A brief history of New York mayors trying, and failing, to fix the city’s bathroom shortage

Every recent mayor promised improvements to the city's bathroom situation; by and large, all of them failed

A brief history of New York mayors trying, and failing, to fix the city’s bathroom shortage
“The city’s track record for the past 30 years; it’s not even close,” said architect Julie Chou. (Photo via David Goehring/Flickr)

New York may be famous for its poorly-managed ambient trash, but deserves equal notoriety for its less visible, equally fragrant counterpart: poorly-managed ambient piss. 

Yes, GarbageTown, USA is so short on public bathrooms that we had a hit musical called Urinetown, for god’s sake. During peak lockdown when the only place to socialize was outside with nary a restaurant bathroom in sight, we collectively let it rip anywhere and everywhere, and since then, @got2gonyc, which chronicles the locations of places for the public to relieve themselves, has become a social media juggernaut.

In theory, then, it’s nothing but great news this week that Eric Adams has launched  “UR in Luck," a new initiative aimed at expanding public bathroom access across the city, complete with a tidy little piss pun in the title. The basics of the plan are as follows:

The Department of Parks and Recreation will build 46 new restrooms over the next five years and renovate 36 more. The city has already introduced a new Google Maps layer to help users find nearby public bathrooms in places like parks and libraries in a pinch, and is “establishing a task force” aimed at “fast-tracking approvals for 14 new high-tech, self-cleaning automatic public toilets on city sidewalks and plazas.” (NYC Parks representatives were unable to comment before press time.)

Lord knows we would welcome all the extra bathrooms we can get, but given the scope of the city’s shortage, fewer than 100 new bathrooms over the course of five years begins to feel like not much more than a drop in the toilet tank.

“I think it’s great they’re focused on planning to provide bathrooms, but I think it needs to be much larger and much more creative and innovative,” said architect Julie Chou, who has co-authored multiple studies on the city’s chronic lack of available public bathrooms.

By comparison, last summer City Councilmember Sandy Nurse of Brooklyn put forth a proposal to create an additional 3,100 public toilets across the city, up to a total of around 4,200 by 2035, which would shake down to about one toilet per 2,000 residents. (The bill appears to still be in play, but Nurse was not involved in Monday’s Ur in Luck announcement.) Right now, we’ve got around 1,100 public bathrooms in total, which means about 1 toilet per every 7,700 New Yorkers, as Hell Gate reported last summer.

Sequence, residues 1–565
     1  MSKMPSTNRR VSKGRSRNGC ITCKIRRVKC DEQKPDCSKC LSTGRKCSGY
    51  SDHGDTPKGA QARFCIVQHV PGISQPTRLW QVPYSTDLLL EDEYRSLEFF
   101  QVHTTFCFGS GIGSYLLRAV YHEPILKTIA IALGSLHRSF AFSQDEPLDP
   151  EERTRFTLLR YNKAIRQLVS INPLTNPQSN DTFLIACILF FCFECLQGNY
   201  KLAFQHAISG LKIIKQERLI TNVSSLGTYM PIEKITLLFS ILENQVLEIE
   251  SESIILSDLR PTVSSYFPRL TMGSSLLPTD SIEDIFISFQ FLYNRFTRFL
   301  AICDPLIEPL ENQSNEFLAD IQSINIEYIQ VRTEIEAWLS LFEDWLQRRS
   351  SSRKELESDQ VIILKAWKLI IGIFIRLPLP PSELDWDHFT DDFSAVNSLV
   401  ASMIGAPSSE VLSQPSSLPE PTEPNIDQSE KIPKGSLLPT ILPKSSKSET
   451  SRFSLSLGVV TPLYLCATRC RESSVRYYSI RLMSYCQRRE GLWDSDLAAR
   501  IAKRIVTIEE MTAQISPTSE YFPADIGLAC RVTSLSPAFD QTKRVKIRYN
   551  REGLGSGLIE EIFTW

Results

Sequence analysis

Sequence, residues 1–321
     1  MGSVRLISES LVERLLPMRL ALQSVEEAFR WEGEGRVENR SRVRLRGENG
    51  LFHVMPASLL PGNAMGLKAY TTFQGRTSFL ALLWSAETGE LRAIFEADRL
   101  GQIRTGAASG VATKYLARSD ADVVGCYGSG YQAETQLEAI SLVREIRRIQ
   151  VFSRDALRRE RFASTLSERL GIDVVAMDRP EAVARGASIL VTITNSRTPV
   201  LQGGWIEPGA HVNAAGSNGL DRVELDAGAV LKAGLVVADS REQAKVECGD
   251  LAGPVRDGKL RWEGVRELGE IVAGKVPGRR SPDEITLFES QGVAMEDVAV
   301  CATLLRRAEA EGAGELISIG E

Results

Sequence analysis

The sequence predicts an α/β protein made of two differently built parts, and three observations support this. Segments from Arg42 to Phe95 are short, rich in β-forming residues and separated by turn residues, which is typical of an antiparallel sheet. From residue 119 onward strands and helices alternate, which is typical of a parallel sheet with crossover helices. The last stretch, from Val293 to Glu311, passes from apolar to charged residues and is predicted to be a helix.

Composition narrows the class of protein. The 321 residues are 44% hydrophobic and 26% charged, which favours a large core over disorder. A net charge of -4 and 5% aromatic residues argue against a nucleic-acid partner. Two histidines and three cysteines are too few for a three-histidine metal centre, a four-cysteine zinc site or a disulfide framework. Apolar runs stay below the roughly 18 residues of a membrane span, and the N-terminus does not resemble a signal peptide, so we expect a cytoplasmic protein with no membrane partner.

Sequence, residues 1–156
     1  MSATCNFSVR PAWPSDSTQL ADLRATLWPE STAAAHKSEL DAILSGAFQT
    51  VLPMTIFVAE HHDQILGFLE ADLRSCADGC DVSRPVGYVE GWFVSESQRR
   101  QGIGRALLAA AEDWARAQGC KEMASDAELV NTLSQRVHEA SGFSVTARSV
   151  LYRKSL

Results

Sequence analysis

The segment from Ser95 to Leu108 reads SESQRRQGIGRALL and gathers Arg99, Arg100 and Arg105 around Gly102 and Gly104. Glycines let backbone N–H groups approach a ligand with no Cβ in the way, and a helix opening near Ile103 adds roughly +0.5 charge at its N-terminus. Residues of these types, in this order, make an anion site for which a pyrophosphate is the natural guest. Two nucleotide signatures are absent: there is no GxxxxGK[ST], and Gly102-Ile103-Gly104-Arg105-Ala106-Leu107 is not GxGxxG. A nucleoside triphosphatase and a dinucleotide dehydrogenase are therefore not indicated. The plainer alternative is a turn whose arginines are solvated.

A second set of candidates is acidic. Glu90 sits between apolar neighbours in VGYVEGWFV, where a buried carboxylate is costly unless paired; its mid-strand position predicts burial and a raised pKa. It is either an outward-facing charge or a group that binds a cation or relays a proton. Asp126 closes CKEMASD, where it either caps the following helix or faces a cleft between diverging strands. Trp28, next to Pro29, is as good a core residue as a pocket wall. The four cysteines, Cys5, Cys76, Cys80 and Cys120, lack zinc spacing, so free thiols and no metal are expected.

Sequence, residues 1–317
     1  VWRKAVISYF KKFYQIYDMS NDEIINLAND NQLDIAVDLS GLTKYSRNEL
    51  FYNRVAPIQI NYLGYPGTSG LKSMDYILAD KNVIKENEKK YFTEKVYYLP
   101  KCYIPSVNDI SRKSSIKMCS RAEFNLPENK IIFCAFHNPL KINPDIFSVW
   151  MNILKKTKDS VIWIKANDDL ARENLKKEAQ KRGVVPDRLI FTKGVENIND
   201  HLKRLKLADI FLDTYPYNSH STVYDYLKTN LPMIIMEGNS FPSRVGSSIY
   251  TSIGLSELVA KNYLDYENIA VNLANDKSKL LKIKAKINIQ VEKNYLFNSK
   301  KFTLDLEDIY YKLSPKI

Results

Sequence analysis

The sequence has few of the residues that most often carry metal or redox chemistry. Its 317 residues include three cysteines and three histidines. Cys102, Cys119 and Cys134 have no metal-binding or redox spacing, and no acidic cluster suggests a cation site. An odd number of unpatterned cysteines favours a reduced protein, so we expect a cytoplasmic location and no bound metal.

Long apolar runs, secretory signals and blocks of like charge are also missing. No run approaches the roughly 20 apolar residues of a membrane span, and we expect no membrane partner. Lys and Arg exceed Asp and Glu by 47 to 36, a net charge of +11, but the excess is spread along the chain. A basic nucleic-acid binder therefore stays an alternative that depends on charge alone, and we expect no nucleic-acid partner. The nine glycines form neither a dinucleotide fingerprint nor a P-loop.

“The city’s track record for the past 30 years; it’s not even close,” Chou told The Groove.

And about that track record: Adams is hardly the first mayor to pay lip service to solving a problem that, all pee pee and poo poo jokes aside, leaves thousands of vulnerable New Yorkers without access to a basic human right and dignity, every day. Let’s take a brief trip down memory lane:

The expense and apparent difficulty of creating public bathrooms is part of the reason advocates including Chou are pushing for options that incorporate public/private partnerships as well, such as paying restaurants with outdoor dining space some level of stipend in exchange for opening their bathroom doors to the public. 

A large part of the equation also comes down to public pressure, which may have increased since the onset of the pandemic.

“Bathrooms are not a sexy issue,” said Chou. “I think it did help that we had a public health crisis, and four years later for people to keep talking about bathrooms, it’s really exciting.”

She added: “[Elected officials] say ‘the community is against this,’ but the community wants bathrooms, they can’t blame the community anymore."

As for the Adams administration’s fresh attempt at tackling this most dehumanizing and avoidable of civic problems, if he’s content to let his constituents choke to death on exhaust from suburbanites’ cars, it’s hard to imagine him coming through on this other basic quality of life issue, but you never know. In the meantime, we can always go piss on at city hall.

Don't flush this independent reporting down the drain! Become a paid New York Groove member today to support worker-owned local news, and get access to the FOMO Calendar, swag and more.